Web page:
We found love right were you are

we found love right were you are

What does this song mean to you? Song Discussions is protected by U. Once again, reggae melody and lyrics have appeared on an international marketing campaign, this time for major American clothing and apparel brand – The Gap. Over the weekend, The Gap launched their 2018 holiday advertising campaign entitled, ‘The Good Path’. B recording artiste Leon Bridges, it features a team of models of all ages dancing along a red, green and yellow path, as he sings the timeless hook from The O’Jays 1973 ballad Now That We Found Love. The pathway colours gradually fan out to include others like blue and orange, but the homage to reggae is obvious. The Boyz original version of Now That We Found Love, Bridges creates a feel good moment that is perfectly accompanied by choreographed moves of the entire cast.

This begs the question: ‘why was Third World’s contribution to the global popularity of that song omitted? Band leader Stephen ‘Cat’ Coore, suspects that the reggae band’s previously recorded version went unacknowledged because of a lack of research. Now That We Found Love was originally written by Kenneth Gamble and Leon Huff, recorded by The O’Jays as a ballad. It was released on their album Ship Ahoy in 1973. Five years later, Third World upped the tempo. Their version was featured on Journey to Addis, released on Island Records in 1978. It was Third World and their reggae-disco rendition that put the song on the airwaves and made it a chart buster. Bunny Rugs added so much to the song in the studio,” Gamble told The Gleaner. Third World’s version peaked at number 10 in the UK and 47 on the Billboard Hot 100.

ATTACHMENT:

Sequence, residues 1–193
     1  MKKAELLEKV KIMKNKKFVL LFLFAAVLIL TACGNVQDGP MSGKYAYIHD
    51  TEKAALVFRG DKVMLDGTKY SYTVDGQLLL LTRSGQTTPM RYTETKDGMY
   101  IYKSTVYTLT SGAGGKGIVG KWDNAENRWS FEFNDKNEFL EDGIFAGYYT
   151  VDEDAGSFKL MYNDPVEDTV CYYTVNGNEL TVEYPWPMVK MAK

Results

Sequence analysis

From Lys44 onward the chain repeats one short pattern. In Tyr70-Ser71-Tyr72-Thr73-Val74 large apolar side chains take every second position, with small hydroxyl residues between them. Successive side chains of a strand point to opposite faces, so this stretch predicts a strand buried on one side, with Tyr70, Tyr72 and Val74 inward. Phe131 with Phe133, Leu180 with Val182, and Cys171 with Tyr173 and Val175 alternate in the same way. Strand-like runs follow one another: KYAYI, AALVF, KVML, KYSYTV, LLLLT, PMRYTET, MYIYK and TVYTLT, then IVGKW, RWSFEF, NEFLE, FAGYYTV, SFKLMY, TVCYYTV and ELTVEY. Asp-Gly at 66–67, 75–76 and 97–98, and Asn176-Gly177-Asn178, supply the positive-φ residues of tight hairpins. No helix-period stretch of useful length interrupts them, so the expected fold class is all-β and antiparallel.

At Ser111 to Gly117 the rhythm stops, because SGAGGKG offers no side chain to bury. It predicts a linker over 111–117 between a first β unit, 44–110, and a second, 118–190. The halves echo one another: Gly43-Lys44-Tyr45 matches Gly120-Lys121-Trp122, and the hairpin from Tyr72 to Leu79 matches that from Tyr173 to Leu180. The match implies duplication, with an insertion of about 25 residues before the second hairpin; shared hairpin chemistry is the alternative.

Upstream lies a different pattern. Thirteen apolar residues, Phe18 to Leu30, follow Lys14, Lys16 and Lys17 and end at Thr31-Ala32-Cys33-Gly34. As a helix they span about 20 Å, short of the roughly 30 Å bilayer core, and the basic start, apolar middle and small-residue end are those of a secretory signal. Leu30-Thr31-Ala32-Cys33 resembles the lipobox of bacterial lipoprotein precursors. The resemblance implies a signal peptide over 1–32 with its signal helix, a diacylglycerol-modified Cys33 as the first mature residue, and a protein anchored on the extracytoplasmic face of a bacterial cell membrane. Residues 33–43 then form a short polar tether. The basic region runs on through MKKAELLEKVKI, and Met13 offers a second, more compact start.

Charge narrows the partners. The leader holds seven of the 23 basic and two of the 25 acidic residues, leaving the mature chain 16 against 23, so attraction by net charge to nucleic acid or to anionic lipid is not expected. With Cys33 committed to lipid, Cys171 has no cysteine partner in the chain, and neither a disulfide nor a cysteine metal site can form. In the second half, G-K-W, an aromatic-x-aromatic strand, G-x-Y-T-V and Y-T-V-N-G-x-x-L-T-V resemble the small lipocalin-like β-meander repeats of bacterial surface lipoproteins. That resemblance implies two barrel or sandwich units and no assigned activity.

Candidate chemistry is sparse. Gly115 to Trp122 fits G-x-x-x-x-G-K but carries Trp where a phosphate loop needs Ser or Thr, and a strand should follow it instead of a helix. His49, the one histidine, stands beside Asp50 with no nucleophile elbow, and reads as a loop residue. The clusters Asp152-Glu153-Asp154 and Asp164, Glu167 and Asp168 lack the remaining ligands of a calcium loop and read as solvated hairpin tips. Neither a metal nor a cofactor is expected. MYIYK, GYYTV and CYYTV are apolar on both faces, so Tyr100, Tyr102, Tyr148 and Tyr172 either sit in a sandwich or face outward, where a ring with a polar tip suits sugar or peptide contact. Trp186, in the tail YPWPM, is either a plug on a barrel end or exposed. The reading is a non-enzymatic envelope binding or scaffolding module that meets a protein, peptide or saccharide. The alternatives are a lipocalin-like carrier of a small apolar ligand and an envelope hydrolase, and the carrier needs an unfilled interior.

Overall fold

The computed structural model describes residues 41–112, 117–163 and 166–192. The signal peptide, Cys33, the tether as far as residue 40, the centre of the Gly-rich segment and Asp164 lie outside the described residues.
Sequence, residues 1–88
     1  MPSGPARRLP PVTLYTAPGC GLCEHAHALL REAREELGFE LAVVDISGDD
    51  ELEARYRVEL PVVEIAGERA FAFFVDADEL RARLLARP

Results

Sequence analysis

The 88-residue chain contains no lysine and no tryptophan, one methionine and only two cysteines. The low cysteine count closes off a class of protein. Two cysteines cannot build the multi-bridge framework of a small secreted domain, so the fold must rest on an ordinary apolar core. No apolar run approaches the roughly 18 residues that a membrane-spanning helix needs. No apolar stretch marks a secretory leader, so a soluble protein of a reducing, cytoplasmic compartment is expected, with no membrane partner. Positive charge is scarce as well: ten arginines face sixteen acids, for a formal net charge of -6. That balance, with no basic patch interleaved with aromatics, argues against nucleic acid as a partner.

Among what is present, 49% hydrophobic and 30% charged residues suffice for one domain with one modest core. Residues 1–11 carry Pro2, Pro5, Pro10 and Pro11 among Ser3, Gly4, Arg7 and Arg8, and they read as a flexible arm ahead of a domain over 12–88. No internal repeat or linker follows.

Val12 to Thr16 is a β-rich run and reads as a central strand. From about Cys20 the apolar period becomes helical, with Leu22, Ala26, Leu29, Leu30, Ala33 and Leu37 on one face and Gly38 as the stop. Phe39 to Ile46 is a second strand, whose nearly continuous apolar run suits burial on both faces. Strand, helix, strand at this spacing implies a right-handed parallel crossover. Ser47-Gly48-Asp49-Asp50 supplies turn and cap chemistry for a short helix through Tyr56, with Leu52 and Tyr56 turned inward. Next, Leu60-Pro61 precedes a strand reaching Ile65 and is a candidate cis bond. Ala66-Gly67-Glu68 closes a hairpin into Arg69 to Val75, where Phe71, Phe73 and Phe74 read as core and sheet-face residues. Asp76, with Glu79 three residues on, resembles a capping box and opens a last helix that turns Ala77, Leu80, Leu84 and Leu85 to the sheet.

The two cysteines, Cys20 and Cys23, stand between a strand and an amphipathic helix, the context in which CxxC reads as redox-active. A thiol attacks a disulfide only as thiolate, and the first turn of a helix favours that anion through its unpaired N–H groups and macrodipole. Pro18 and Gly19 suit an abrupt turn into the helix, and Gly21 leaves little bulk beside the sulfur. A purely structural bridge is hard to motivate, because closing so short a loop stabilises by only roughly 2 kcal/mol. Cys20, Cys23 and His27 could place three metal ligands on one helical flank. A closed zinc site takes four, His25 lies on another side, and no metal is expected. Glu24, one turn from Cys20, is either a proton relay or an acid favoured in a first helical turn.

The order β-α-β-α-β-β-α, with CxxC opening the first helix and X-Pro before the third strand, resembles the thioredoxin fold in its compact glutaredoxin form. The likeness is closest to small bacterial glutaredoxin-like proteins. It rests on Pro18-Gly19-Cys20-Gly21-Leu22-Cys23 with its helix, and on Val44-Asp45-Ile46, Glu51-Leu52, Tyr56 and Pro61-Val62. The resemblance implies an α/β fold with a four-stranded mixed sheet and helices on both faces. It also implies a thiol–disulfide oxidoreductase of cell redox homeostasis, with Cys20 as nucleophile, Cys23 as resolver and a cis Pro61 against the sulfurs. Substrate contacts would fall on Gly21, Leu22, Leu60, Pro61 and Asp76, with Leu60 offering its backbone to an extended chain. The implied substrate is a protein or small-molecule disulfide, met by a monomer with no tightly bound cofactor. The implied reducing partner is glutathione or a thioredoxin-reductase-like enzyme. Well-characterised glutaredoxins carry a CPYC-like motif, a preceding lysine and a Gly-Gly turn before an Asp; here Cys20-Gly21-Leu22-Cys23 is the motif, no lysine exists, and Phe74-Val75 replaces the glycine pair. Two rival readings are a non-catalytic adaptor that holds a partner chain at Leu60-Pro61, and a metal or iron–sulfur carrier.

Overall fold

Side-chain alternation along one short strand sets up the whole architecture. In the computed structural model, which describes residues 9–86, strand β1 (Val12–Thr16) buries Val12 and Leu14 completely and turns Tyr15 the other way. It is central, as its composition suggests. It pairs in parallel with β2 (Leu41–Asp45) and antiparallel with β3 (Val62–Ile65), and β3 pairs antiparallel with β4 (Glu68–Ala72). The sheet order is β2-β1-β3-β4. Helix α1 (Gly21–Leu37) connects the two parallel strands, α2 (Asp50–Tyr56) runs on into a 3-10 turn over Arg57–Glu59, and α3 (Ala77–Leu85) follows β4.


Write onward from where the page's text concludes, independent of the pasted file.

The Boyz made another version, keeping the quick tempo introduced by Third World. It was copied off our feel of the song. Third World takes no issue with Bridges’ cover. As far as what he is doing, we don’t have a problem from that standpoint. Where the conversation should be is that, it was Third World who originally did the song in that format. According to Gamble, the inspiration for the song was “love, peace and brotherhood. My partner Leon Huff and I always wrote songs about love, peace and happiness. As for the timelessness of the song, Gamble said that the lyrics speak for themselves. Now that we got it right here in our hands, we gonna spread it all over the land.

People still want to have love. We did another song with Third World called Hold On To Love. It’s all about finding and holding on to love and loving each other. After all, I’m from the city of Brotherly Love,” he said. Despite the disappointment of not being credited on the cusp of the release of the group’s still untitled studio album, produced by Damian ‘Jr. Gong’ Marley, Coore notes, “There are two sides to every story. We’re happy for that, though we would have appreciated a little recognition. Last month, Third World dropped the first single from the album called Loving You Is Easy.

What is coming out is a very diverse collection of music. It has an uptempo, almost funky kind of sound on one or two songs,” Coore revealed. He explains that another track – Third World Keeps Turning – has an ‘African feel’. We have foundation reggae beat with Third World harmonies. Damian was very specific with that. He wanted us to go back and get that sound, but with a different twist on it. It’s going to be really good.